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Study to determine impact of new bridge on birds

Between $30,000 and $100,000 in federal funds will be spent to study the effect of the new Hastings bridge on birds.

Two steps will be taken in the study.

The first step will be for a researcher to examine any previous studies that have been done on birds flying into structures like the new arch bridge here.

Based on what is learned in that study, there could be a second one ordered. That study would include a “science project,” said Steve Kordosky, the Minnesota Department of Transportation bridge project manager. It would be more hands-on, he said.

Researchers would ultimately hope to learn the frequency at which birds strike the new bridge, and whether or not it is related to the lighting of the bridge.


When MnDOT was considering three different bridge styles for Hastings, an environmental assessment was done on each one.

The box girder design, similar to the Wakota Bridge in South St. Paul, would have had the least impact on birds, the study found.

The second-best option was the arch design, which was ultimately chosen. Still, the National Park Service said that if that was the route MnDOT chose, they’d have to spend $100,000 on migratory bird conservation programs to offset the negative impact of the arch design.

The worst option, as far as the NPS was concerned, was the cable bridge, similar to the Martin Sabo pedestrian bridge in Minneapolis. Had MnDOT chosen that option, NPS would have asked for $400,000 worth of funding to offset its negative impact.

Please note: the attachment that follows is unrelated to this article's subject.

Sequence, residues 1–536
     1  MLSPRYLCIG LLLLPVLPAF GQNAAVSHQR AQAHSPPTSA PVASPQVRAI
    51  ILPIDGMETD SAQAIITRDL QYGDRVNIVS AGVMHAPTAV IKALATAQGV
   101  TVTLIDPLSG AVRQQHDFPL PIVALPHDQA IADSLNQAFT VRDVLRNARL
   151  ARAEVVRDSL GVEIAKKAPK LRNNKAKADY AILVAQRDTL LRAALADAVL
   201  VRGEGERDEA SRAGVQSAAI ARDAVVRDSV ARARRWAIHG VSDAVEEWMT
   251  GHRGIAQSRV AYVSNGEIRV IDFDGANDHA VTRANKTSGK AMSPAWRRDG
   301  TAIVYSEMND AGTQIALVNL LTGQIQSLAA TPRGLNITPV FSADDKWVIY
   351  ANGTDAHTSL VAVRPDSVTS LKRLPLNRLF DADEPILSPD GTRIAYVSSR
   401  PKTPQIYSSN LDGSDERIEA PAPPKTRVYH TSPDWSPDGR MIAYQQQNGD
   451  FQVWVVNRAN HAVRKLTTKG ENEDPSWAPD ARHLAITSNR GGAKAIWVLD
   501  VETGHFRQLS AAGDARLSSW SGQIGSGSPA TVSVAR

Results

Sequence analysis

Request for information

The National Park Service has issued a request for information regarding the study, citing the project dates as running from July 2014 to January 2016.

The document reads, in part, like this:

“The goal of this research project is to determine what correlations exist between bird-bridge collisions and bridge structure size, type (design) and lighting. In order to acquire this information it is important to understand what information is presently available, what research efforts have been completed or are underway and how a research study could be designed to best acquire this information. The study will need to determine if there are specific species that are more susceptible to bridge strikes and if there are increased energetic expenses of maneuvering around bridge structures. …

“Numerous studies of avian mortality with regards to power lines, wind turbines and building design have been done. However, research of various bridge design aspects and their impacts on bird strikes are difficult to find, if they exist at all. This is particularly interesting considering the majority of bridges cross waterways – a site for resting, nesting and feeding.”

Other bridge news

Kordosky said the work on the median just north of the new bridge should be done within the next three weeks. That’s the project that has traffic down to a single lane in both directions.

The parking area under the bridge in downtown Hastings is under way, too. Everything should be complete by July 7, Kordosky said.

The contractor still hasn’t committed to the solution to repair the flaking concrete on the bridge railing.